Lewis Wickes Hine (September 26, 1874 – November 3, 1940) was an American sociologist and muckraker photographer. His photographs were instrumental in bringing about the passage of the first child labor laws in the United States.[1]

Lewis Hine
Hine in c. 1930
Lewis Wickes Hine

(1874-09-26)September 26, 1874
DiedNovember 3, 1940(1940-11-03) (aged 66)
EducationUniversity of Chicago
Columbia University
New York University
Known forSocial reform
MovementDocumentary; social realism
Patron(s)Russell Sage Foundation
National Child Labor Committee
Works Projects Administration

Early life edit

Hine was born in Oshkosh, Wisconsin, on September 26, 1874. After his father was killed in an accident, Hine began working and saved his money for a college education. He studied sociology at the University of Chicago, Columbia University and New York University. He became a teacher in New York City at the Ethical Culture School, where he encouraged his students to use photography as an educational medium.[2]

Brooklyn Museum – Climbing into the Promised Land Ellis Island – Lewis Wickes Hine

Hine led his sociology classes to Ellis Island in New York Harbor, photographing the thousands of immigrants who arrived each day. Between 1904 and 1909, Hine took over 200 plates (photographs) and came to the realization that documentary photography could be employed as a tool for social change and reform.[1]

Documentary photography edit

In 1907, Hine became the staff photographer of the Russell Sage Foundation; he photographed life in the steel-making districts and people of Pittsburgh, Pennsylvania, for the influential sociological study called The Pittsburgh Survey.

Child laborers in glasswork. Indiana, 1908
Little Lottie, a regular oyster shucker in Alabama Canning Co. (Bayou La Batre, Alabama, 1911)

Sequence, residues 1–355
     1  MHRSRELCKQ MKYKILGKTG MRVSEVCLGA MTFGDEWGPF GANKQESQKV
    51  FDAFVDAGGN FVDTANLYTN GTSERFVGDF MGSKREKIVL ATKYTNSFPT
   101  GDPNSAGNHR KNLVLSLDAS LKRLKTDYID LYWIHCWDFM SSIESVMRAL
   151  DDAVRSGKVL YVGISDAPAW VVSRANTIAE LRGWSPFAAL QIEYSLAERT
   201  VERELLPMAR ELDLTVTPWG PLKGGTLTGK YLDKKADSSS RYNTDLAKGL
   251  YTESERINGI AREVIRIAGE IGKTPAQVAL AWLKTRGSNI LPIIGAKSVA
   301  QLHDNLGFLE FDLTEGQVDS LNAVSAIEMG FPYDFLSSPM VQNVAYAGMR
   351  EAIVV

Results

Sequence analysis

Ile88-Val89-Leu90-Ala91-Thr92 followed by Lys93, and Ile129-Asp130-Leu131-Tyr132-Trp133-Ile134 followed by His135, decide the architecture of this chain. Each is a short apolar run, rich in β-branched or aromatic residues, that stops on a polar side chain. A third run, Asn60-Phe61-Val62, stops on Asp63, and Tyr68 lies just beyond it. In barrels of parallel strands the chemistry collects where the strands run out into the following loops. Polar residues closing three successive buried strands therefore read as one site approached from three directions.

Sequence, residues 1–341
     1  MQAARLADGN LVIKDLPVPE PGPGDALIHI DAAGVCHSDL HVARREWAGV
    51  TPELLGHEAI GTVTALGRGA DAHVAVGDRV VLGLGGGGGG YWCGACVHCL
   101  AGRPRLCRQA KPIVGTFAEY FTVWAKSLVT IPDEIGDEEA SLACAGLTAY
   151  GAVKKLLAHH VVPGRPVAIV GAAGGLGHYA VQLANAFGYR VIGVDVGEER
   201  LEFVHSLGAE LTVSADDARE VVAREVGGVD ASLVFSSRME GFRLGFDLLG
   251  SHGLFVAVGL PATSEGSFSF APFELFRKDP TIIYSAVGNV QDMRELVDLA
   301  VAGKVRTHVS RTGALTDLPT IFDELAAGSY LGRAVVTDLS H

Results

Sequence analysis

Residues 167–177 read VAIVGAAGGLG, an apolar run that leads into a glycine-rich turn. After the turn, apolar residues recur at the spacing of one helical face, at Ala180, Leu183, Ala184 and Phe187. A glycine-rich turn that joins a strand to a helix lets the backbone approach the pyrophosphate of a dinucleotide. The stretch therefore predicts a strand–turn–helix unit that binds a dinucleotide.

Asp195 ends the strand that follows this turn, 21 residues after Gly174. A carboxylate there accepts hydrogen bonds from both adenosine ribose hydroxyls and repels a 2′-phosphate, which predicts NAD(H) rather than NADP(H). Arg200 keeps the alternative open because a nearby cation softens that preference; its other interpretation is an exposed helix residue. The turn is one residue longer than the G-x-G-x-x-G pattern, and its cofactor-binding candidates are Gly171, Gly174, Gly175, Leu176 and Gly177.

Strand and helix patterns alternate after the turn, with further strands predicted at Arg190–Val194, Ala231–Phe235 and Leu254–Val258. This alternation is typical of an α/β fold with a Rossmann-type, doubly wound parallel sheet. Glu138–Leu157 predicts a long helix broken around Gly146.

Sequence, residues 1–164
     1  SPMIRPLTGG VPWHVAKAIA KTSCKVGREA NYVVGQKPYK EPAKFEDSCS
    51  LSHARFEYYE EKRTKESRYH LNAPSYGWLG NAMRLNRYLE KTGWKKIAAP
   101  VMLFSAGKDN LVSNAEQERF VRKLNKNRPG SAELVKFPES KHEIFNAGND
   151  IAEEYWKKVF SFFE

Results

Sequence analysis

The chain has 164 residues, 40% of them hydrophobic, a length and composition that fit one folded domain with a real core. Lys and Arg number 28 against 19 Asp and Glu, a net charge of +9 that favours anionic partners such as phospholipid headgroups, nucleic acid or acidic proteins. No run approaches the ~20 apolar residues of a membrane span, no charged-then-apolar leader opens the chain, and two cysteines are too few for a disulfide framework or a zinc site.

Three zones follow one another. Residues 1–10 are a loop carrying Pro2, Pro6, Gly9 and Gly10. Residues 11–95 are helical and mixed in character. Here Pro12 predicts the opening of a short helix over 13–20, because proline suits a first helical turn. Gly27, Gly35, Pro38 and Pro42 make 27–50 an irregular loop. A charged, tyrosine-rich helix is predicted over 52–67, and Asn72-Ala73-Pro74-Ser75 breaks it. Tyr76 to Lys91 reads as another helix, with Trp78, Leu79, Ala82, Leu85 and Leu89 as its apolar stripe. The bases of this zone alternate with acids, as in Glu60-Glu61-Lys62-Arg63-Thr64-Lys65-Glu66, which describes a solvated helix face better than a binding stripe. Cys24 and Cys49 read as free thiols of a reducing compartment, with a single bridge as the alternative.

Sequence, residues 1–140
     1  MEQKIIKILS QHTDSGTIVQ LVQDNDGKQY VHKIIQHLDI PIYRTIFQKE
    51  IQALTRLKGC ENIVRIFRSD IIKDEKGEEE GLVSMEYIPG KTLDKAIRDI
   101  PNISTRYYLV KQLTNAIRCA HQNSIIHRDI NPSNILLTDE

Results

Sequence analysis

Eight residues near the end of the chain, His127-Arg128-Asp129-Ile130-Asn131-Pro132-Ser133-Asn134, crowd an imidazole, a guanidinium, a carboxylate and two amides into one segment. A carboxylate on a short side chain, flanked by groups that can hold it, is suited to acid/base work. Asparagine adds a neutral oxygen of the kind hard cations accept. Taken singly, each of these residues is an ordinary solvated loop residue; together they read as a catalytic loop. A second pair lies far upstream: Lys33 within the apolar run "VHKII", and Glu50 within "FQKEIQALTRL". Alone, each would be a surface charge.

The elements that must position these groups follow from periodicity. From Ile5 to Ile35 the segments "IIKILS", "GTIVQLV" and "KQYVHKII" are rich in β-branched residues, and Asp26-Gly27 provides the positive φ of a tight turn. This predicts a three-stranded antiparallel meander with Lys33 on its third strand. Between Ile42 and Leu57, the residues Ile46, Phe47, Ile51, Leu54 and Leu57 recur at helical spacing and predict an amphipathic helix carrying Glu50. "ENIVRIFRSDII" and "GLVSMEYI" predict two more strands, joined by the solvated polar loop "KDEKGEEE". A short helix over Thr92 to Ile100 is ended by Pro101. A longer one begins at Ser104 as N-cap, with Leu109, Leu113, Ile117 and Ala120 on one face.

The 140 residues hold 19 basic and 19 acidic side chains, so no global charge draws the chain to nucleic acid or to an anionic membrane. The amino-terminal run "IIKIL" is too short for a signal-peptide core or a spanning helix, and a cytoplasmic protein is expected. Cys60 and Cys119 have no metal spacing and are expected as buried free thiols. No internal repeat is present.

In 1908, Hine became the photographer for the National Child Labor Committee (NCLC), leaving his teaching position. Over the next decade, Hine documented child labor, with focus on the use of child labor in the Carolina Piedmont,[3] to aid the NCLC's lobbying efforts to end the practice.[4] In 1913, he documented child laborers among cotton mill workers with a series of Francis Galton's composite portraits.

Hine's work for the NCLC was often dangerous. As a photographer, he was frequently threatened with violence or even death by factory police and foremen. At the time, the immorality of child labor was meant to be hidden from the public. Photography was not only prohibited but also posed a serious threat to the industry.[5] To gain entry to the mills, mines and factories, Hine was forced to assume many guises. At times he was a fire inspector, postcard vendor, bible salesman, or even an industrial photographer making a record of factory machinery.[6]

Soldier Thrown in Air, 1917, National Gallery of Art

During and after World War I, he photographed American Red Cross relief work in Europe. In the 1920s and early 1930s, Hine made a series of "work portraits," which emphasized the human contribution to modern industry. In 1930, Hine was commissioned to document the construction of the Empire State Building. He photographed the workers in precarious positions while they secured the steel framework of the structure, taking many of the same risks that the workers endured. To obtain the best vantage points, Hine was swung out in a specially-designed basket 1,000 ft above Fifth Avenue.[7] At times, he remembered, he hung above the city with nothing below but "a sheer drop of nearly a quarter-mile."[8]

"Power house mechanic working on steam pump" (1920)

During the Great Depression Hine again worked for the Red Cross, photographing drought relief in the American South, and for the Tennessee Valley Authority (TVA), documenting life in the mountains of eastern Tennessee. He also served as chief photographer for the Works Progress Administration's National Research Project, which studied changes in industry and their effect on employment. Hine was also a faculty member of the Ethical Culture Fieldston School.

Later life edit

In 1936, Hine was selected as the photographer for the National Research Project of the Works Projects Administration, but his work there was not completed.

The last years of his life were filled with professional struggles by loss of government and corporate patronage. Hine hoped to join the Farm Security Administration photography project, but despite writing repeatedly to Roy Stryker, Stryker always refused.[9] Few people were interested in his work, past or present, and Hine lost his house and applied for welfare. He died on November 3, 1940, at Dobbs Ferry Hospital in Dobbs Ferry, New York, after an operation. He was 66 years old.[10]